Officials at Fort Meade said today they will eliminate 136 full-time civilian jobs by the end of this year.
More than 90 of the workers now in the jobs are expected to retire or to take other federal jobs, so only 42 people are expected to leave federal service, officials said.
Though officials could not yet say which jobs would be affected, they said the cuts would save about $7 million a year.
The cuts result from expected budget reductions and cuts in programs. Similar cuts are occurring throughout the Department Defense.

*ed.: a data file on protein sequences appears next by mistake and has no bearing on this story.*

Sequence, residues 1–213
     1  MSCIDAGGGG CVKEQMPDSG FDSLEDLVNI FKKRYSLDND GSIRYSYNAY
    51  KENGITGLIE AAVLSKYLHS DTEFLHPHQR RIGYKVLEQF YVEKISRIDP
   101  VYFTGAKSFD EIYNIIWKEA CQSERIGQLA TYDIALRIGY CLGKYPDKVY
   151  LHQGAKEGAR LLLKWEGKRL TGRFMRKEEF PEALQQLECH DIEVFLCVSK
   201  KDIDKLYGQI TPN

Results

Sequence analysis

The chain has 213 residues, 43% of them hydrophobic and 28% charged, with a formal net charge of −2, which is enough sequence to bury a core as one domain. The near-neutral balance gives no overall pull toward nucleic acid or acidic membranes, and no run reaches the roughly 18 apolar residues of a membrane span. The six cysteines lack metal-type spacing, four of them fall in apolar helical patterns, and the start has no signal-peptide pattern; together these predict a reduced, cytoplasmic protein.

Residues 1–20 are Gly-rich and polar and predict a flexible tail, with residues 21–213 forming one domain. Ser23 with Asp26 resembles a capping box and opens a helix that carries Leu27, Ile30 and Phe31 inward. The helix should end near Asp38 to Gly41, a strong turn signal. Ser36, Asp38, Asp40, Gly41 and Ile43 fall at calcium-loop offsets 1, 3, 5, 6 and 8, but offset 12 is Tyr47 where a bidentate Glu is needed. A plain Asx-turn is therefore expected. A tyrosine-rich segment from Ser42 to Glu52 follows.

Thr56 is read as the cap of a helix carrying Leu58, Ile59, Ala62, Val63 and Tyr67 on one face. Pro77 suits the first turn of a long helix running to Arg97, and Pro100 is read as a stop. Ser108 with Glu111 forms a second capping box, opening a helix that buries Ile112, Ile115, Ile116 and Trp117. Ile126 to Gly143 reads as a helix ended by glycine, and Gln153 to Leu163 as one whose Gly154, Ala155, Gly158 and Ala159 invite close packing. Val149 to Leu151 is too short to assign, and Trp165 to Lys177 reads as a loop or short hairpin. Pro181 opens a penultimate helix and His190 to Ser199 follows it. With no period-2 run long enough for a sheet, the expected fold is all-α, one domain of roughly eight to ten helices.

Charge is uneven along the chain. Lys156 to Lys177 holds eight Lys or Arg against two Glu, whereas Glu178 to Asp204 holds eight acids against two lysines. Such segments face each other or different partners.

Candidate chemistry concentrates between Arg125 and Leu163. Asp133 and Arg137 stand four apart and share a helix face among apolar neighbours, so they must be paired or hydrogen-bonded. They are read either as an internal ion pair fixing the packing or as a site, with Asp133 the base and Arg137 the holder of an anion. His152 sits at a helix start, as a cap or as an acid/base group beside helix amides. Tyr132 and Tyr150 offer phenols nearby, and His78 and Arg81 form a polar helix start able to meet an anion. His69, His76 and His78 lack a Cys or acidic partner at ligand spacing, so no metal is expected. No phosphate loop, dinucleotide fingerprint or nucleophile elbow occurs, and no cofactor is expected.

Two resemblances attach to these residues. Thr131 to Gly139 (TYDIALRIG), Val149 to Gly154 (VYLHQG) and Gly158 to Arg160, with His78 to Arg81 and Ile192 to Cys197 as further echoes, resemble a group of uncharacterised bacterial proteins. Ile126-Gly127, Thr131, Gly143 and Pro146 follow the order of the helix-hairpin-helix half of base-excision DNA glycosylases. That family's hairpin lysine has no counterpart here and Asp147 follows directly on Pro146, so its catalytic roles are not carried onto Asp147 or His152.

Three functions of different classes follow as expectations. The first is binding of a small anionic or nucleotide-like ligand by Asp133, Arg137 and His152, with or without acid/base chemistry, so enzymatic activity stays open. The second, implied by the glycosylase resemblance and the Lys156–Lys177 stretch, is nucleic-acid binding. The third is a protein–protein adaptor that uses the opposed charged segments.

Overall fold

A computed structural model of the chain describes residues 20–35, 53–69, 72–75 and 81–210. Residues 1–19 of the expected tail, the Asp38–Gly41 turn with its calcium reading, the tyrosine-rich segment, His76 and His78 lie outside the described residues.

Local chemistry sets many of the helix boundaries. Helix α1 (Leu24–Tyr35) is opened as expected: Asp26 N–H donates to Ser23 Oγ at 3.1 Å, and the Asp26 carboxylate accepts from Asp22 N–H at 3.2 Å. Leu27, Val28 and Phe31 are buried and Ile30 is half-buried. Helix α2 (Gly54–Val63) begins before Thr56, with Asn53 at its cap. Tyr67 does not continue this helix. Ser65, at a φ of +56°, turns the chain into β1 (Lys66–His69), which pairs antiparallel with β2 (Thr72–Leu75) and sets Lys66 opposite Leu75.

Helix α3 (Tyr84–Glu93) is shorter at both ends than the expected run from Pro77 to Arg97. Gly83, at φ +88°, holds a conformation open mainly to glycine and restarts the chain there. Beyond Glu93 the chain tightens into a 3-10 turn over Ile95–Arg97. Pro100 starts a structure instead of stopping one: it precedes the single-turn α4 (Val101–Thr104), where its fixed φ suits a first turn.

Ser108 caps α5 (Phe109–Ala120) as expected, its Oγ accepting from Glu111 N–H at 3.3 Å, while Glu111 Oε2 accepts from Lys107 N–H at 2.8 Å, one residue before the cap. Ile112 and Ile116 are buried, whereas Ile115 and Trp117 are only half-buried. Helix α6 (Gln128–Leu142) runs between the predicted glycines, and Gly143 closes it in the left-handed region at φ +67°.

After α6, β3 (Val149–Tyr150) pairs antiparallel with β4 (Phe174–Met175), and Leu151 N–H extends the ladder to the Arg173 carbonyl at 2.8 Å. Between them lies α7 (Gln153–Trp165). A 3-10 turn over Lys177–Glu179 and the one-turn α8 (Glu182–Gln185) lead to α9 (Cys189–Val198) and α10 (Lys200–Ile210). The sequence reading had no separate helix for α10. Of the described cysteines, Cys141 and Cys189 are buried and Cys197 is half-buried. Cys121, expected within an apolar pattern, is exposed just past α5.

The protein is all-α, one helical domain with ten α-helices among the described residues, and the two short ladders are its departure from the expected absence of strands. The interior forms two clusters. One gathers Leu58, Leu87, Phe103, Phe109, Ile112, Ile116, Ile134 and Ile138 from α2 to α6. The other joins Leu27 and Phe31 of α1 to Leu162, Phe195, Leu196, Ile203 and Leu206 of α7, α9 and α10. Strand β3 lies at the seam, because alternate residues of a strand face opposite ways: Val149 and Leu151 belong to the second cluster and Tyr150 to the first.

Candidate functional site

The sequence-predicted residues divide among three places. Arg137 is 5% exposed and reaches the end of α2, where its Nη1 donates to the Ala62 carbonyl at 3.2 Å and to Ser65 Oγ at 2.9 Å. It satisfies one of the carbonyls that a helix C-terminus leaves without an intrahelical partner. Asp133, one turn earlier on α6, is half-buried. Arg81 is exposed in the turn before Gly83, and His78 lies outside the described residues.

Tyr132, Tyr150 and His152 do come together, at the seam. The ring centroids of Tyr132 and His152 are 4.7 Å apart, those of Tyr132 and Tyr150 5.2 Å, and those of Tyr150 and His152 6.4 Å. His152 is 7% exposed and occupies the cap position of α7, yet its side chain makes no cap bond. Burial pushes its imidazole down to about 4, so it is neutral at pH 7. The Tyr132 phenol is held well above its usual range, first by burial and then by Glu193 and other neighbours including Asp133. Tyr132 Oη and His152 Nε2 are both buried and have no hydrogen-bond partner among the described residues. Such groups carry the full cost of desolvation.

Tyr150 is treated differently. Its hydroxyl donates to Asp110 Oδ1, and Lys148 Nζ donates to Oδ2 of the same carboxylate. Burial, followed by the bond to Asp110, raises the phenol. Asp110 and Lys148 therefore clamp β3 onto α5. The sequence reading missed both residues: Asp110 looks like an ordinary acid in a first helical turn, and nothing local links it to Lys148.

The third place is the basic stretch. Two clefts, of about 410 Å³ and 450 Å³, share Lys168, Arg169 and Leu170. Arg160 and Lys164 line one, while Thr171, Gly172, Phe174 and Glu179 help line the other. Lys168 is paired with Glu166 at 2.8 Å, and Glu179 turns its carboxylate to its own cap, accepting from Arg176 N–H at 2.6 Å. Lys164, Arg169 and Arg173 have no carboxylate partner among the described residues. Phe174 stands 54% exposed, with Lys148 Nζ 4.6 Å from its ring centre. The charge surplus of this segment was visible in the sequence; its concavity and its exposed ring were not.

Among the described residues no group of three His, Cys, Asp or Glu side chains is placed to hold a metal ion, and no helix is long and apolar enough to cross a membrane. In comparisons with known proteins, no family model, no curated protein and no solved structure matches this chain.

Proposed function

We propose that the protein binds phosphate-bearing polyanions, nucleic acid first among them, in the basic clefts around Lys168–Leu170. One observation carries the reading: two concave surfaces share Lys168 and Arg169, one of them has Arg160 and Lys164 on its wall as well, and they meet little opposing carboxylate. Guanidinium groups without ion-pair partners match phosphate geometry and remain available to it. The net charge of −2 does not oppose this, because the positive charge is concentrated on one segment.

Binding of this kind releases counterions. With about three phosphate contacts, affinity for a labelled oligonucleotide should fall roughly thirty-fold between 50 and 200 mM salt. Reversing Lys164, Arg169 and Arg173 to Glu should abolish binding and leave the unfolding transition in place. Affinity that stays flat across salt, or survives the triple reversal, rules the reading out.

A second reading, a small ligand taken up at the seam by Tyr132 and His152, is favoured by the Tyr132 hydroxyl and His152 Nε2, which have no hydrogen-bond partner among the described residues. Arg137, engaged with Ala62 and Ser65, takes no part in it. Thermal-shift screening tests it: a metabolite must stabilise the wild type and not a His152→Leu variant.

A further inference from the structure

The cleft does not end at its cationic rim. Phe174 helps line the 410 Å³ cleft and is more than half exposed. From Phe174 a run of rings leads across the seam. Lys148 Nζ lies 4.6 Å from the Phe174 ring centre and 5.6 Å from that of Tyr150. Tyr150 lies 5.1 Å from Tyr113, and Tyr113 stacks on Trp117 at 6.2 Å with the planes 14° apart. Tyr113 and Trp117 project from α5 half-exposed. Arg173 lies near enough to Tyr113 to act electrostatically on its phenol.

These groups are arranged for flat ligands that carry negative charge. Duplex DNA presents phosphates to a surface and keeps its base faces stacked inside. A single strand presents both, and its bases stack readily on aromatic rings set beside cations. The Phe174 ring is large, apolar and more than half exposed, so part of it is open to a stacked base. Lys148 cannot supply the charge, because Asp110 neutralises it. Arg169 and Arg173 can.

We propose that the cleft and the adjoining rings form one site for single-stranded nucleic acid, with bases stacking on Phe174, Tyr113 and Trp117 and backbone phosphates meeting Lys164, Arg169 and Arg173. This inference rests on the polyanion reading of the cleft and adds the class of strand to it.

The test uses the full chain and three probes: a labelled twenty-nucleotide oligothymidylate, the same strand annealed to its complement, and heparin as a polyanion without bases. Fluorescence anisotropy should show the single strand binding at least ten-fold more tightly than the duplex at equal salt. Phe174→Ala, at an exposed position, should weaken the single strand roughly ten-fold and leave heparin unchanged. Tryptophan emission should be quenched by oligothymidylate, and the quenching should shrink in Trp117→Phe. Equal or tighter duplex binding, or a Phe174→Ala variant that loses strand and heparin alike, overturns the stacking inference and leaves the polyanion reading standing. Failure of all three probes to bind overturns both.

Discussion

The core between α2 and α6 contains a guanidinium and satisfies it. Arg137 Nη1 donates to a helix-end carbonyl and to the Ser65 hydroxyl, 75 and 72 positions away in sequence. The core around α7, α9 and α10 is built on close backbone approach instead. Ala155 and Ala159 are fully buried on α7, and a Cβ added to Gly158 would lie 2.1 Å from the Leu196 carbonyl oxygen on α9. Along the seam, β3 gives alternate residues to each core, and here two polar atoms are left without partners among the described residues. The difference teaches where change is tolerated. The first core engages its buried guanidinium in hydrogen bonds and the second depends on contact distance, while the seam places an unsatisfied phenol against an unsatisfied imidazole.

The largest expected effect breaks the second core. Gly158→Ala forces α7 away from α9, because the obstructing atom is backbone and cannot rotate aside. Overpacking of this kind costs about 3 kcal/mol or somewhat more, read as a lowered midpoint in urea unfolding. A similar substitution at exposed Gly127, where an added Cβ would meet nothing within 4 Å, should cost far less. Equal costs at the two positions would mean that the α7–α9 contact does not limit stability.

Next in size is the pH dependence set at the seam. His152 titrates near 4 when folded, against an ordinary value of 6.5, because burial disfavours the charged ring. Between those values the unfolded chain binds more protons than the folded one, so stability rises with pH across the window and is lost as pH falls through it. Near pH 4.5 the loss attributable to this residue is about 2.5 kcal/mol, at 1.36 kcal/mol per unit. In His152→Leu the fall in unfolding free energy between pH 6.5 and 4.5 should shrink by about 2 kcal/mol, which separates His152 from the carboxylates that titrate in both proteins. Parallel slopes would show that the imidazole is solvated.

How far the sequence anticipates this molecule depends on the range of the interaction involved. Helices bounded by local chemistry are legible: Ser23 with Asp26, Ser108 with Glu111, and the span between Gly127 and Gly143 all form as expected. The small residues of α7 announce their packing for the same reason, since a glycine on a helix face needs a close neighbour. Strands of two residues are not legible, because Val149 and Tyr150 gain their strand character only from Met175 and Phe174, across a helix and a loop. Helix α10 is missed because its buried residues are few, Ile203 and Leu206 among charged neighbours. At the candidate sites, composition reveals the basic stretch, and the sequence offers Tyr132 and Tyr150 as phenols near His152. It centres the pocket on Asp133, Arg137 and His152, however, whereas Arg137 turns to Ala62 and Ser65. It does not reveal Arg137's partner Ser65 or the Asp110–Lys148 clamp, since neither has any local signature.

Don McClow, a spokesman for Fort Meade, said all affected workers will receive 60 days notice. The Army also will help people prepare to look for other jobs, officials said.
Fort Meade, a 75-year-old Army installation south of Baltimore, near Laurel, employs more than Army 1,700 civilians. The fort is primarily an administrative center, although it had served a number of training functions before a recent transfer of 8,100 acres to the adjacent Patuxent Wildlife Research Center.
An additional 27,000 civilian employees work for the National Security Agency, Navy and Air Force and other agencies at Fort Meade.
Officials said more job cuts would come if the Army's budget is reduced further.